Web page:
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Toronto Takes A Financial Hit From Lost Transit Riding (Part II)

This article continues from Part I with additional information presented at the TTC Board meeting of March 13.

A widely reported number is the half-billion dollar shortfall in TTC revenues in the period up to Labour Day. Even with an offset of about $200 million in savings for a net deficit of $300 million, this is still not small change.

The TTC faces several challenges for service in the immediate future and then through any “recovery” period as restrictions are lifted on various types of activity and the need for travel grows.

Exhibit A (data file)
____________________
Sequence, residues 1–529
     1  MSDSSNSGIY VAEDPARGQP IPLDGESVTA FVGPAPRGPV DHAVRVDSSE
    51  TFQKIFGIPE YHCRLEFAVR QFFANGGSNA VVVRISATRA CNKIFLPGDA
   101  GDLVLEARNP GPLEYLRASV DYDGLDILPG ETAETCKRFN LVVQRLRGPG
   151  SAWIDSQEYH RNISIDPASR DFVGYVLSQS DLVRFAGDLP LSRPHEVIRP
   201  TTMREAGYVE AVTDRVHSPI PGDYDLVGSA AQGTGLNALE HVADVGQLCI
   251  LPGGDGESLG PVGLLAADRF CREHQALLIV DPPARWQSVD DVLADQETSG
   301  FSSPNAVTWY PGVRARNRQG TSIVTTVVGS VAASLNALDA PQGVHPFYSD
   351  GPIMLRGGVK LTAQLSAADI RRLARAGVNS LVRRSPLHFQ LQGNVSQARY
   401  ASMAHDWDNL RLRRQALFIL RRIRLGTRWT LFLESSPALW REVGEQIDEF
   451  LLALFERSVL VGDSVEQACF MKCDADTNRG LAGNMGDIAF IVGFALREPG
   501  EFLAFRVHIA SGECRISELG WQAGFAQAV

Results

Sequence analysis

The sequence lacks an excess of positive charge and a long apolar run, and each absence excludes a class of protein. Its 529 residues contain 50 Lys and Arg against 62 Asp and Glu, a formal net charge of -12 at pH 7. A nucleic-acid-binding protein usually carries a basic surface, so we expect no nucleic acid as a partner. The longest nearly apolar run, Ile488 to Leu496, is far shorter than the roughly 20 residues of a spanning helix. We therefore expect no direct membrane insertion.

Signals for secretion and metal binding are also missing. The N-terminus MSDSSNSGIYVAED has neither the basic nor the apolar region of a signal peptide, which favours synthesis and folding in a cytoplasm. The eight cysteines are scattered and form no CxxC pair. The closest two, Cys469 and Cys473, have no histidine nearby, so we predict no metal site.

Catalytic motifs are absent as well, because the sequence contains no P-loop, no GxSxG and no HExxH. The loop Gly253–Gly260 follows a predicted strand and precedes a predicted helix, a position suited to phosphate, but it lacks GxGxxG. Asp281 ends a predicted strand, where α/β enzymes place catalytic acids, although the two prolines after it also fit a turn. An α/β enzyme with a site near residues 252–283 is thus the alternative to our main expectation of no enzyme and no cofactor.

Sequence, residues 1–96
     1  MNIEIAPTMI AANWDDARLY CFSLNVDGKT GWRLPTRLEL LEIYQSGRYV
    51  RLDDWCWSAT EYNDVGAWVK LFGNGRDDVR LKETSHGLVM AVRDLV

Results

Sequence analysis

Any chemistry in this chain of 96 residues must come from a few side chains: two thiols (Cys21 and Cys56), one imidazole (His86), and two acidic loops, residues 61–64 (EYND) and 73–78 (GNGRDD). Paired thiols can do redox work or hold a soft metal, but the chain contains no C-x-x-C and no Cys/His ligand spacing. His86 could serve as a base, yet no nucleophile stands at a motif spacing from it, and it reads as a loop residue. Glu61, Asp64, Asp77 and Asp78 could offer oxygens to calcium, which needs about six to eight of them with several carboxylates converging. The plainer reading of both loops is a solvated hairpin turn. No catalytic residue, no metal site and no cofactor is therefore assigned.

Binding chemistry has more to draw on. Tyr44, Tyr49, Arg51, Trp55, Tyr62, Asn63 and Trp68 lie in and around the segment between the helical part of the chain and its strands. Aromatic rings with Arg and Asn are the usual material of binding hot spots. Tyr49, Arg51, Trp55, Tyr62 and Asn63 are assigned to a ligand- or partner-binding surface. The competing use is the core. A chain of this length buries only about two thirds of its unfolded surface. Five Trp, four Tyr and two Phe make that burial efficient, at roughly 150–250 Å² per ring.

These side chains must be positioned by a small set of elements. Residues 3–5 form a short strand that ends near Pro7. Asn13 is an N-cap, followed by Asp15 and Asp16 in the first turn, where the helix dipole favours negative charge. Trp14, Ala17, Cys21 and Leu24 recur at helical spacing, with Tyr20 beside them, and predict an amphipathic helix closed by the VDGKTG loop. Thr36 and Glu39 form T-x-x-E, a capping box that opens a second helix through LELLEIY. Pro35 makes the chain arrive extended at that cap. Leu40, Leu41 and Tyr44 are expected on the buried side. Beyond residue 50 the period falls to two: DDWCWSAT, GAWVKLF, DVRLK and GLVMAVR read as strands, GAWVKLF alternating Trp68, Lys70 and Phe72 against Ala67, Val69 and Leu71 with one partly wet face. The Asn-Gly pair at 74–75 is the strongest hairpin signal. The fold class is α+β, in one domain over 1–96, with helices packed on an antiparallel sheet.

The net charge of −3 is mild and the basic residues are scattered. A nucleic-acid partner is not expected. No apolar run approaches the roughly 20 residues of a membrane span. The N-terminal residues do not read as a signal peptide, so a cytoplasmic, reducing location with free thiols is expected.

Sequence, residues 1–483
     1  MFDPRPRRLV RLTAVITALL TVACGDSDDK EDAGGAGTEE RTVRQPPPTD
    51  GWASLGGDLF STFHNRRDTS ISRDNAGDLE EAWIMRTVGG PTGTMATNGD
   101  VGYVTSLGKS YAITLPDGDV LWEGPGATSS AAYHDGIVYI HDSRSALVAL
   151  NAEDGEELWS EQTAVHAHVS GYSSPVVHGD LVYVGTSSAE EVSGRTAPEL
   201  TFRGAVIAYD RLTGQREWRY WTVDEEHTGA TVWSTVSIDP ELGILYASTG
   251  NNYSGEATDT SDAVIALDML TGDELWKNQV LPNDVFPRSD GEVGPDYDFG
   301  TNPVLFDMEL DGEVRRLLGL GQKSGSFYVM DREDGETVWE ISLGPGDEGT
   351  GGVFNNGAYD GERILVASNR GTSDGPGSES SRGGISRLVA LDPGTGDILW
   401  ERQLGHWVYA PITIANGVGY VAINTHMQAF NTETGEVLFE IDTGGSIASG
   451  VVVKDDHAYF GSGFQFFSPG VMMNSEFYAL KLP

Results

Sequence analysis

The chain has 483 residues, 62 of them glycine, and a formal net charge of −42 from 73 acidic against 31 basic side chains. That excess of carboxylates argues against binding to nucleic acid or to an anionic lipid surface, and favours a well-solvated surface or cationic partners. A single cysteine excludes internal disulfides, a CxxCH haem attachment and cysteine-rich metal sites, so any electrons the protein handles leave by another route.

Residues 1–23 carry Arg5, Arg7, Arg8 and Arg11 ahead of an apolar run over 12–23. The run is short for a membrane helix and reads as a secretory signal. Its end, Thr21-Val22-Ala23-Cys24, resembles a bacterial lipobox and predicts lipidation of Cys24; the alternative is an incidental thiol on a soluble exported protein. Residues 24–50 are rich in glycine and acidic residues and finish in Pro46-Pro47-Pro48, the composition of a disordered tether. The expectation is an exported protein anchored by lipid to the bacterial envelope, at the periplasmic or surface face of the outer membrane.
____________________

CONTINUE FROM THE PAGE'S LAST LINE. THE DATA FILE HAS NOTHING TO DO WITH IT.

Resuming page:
The first problem is shown dramatically by this chart:

The TTC’s current service level accommodates the 20 per cent of normal demand they now have (although there exceptions, about which more below), but as long as riders must keep two metres apart, the system at full service could only handle about 30 percent of normal. That’s an average, and the situation varies by route and time-of-day.

With distancing in effect, the practical capacity of vehicles is much lower than the usual level. In the charts below, three capacity levels are shown: normal service standards, 50 per cent load, and the load with a two metre rule in place.

The ratio of normal to current (two metre) capacities shown are 3.4 for buses, 3.9 for streetcars and 4.5 for subways. One might reasonably quibble that the spacing shown for some cases, notably at the rear of buses, does not meet the rule, but in any event, this shows the extent of lost capacity. The replacement factor for all modes lies somewhere between three and four vehicles in the fully distanced, two metre environment.